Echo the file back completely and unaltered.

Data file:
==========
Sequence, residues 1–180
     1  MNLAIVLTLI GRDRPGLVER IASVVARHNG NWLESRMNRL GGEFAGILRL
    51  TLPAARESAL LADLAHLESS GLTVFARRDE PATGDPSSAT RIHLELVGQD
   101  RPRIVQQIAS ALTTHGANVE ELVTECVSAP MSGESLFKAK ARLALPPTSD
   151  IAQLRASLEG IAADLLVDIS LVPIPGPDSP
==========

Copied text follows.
Sequence, residues 1–180
     1  MNLAIVLTLI GRDRPGLVER IASVVARHNG NWLESRMNRL GGEFAGILRL
    51  TLPAARESAL LADLAHLESS GLTVFARRDE PATGDPSSAT RIHLELVGQD
   101  RPRIVQQIAS ALTTHGANVE ELVTECVSAP MSGESLFKAK ARLALPPTSD
   151  IAQLRASLEG IAADLLVDIS LVPIPGPDSP